Naturally at Holben Valley Farm

Grass-fed. Direct from the farm.

How do you cook lower-fat grass-fed beef?

Hanger Steak

Hanger Steak with Chimichurri, a zesty green sauce that is traditionally served with steak in Argentina and Uruguay.
Photo by Bob Andres

The way Lynne Sawicki explains it to Access Atlanta, the difference between grass-fed beef and grain-fed beef is a lot like the difference between people who eat mostly vegetables and people who eat a lot of pasta and bread. The vegetable eaters tend to be leaner. And so are the cows who eat mostly grass, she says.

“Beef that is grass-fed is just never going to get the marbling that grain-fed beef does,” said Sawicki. “The grass-fed cow has to move around a lot more than a stockyard cow. More exercise means a leaner and healthier cow, so that cow also doesn’t need the antibiotics and hormones that are routinely used with stockyard cattle.”

Sawicki is the owner of Sawicki’s Meat Seafood and More, a specialty food store in Decatur, Georgia. She started her own business after spending more than 20 years in the food industry including working with the Bacchanalia Group at Star Provisions where she says she gained her experience as a butcher.

Leaner cows means leaner meat and nutritionally, that’s a good thing. Here are the numbers on grass-fed vs. grain-fed ground beef.

Grass-fed ground beef per 4-ounce serving: 220 calories (percent of calories from fat, 32), 20 grams protein, no carbohydrates, no fiber, 16 grams fat (4 grams saturated), 68 milligrams cholesterol, 76 milligrams sodium.

Grain-fed ground beef per 4-ounce serving: 284 calories (percent of calories from fat, 51), 20 grams protein, no carbohydrates, no fiber, 24 grams fat (8 grams saturated), 80 milligrams cholesterol, 76 milligrams sodium.

Sawicki also chooses to carry grass-fed beef because she appreciates the taste of the beef, saying it’s a piece of meat that tastes like meat. “There’s a whole lot to the process of taking care of the cows from how they’re grown to how they’re butchered. With grass-fed beef I feel that the quality is there from start to finish. The cows tend to be on smaller farms and the farmers handle things in a more humane way. They want to produce something that tastes really good.”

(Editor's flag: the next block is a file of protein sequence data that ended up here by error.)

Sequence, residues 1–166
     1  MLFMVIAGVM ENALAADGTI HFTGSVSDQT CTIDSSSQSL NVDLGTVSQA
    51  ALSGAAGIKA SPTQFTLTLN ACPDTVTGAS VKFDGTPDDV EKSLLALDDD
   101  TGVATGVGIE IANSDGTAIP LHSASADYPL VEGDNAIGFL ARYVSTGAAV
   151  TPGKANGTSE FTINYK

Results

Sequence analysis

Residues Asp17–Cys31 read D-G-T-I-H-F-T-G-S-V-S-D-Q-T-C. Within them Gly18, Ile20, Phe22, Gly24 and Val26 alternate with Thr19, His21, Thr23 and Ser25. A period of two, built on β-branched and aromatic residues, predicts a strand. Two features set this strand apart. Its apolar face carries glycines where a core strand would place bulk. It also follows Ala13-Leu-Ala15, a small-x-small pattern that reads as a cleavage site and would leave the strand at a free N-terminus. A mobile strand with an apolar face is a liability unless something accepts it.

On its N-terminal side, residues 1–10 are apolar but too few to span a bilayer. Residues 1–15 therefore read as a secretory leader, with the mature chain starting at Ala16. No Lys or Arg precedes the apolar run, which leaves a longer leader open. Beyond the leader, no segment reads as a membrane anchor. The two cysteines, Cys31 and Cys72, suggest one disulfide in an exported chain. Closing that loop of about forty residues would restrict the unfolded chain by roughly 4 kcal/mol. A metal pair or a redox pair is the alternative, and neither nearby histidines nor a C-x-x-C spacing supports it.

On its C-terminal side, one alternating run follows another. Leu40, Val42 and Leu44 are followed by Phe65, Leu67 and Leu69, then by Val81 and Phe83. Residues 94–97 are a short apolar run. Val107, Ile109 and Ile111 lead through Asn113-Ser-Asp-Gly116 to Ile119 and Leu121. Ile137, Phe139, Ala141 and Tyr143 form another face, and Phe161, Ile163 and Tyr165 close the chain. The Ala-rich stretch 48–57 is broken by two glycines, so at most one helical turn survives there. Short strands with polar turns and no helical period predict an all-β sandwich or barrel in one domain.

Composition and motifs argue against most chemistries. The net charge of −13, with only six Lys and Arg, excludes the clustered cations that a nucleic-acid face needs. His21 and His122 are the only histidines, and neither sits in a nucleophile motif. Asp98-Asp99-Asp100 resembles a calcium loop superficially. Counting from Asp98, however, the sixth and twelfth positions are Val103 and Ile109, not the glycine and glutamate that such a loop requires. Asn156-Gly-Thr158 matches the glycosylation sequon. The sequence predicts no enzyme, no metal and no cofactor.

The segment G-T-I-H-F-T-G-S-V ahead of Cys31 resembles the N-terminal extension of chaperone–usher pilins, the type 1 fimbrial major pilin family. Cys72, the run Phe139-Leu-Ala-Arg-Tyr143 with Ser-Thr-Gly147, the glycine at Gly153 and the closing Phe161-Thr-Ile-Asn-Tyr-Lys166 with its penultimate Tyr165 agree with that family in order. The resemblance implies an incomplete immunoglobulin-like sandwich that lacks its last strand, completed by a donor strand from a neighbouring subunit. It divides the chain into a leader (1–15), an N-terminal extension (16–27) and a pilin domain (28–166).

So how do you cook this lower-fat grass-fed beef? “You have to take your time and you can’t walk away from the cooking. Don’t cook it at the highest heat, and know that it will cook faster than grain-fed beef,” says Sawicki.

She suggests that cuts for roasting like a chuck roast, top sirloin or top round need to be braised. Cooking them low and slow with a little liquid will break down that large muscle mass and make the meat more tender. Another option is to slice these roasts thinly and pound them into scaloppini so they can be cooked quickly.

Grilling works for cuts like hanger steaks because they should also be cooked quickly. When serving, cut them across the grain for the most tender slices.

When she makes burgers from grass-fed beef, Sawicki likes to make them a little thicker, and says you should never ever put the lid down on the grill. “Stay at the grill and pay attention to what you’re doing. It takes no time at all to overcook this beef so if you put down the lid, you’re just enclosing the beef in hot air and that will dry it out,” she said.

Find these great grass-fed beef recipes from Sawicki on Access Atlanta:

  • Dry-Rub Rib Eye Steak
  • Hanger Steak with Chimichurri
  • Beef Scaloppini with Cremini Mushrooms

A Note about the Recipes
Sawicki says it’s important to move the beef from the refrigerator to the counter 30 to 45 minutes before you’re ready to cook so it will come to room temperature. Room temperature beef cooks more quickly and doesn’t get a chance to dry out. And don’t forget that there’s no need for extended cooking times with grass-fed beef because you don’t have so much fat to render out. She suggests seasoning grass-fed beef with a dry rub, or a web rub or marinade, and offers a recipe for each. The third recipe is a quick pan saute.

 

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